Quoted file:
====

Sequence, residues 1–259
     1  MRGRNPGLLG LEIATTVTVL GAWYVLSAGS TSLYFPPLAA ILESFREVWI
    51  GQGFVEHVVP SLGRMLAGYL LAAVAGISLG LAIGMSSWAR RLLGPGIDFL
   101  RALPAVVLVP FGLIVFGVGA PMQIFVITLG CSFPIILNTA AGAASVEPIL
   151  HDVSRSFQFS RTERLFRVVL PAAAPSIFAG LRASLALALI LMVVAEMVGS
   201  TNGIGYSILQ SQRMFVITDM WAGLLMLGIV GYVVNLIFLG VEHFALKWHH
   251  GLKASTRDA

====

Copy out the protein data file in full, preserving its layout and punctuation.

Sequence, residues 1–259
     1  MRGRNPGLLG LEIATTVTVL GAWYVLSAGS TSLYFPPLAA ILESFREVWI
    51  GQGFVEHVVP SLGRMLAGYL LAAVAGISLG LAIGMSSWAR RLLGPGIDFL
   101  RALPAVVLVP FGLIVFGVGA PMQIFVITLG CSFPIILNTA AGAASVEPIL
   151  HDVSRSFQFS RTERLFRVVL PAAAPSIFAG LRASLALALI LMVVAEMVGS
   201  TNGIGYSILQ SQRMFVITDM WAGLLMLGIV GYVVNLIFLG VEHFALKWHH
   251  GLKASTRDA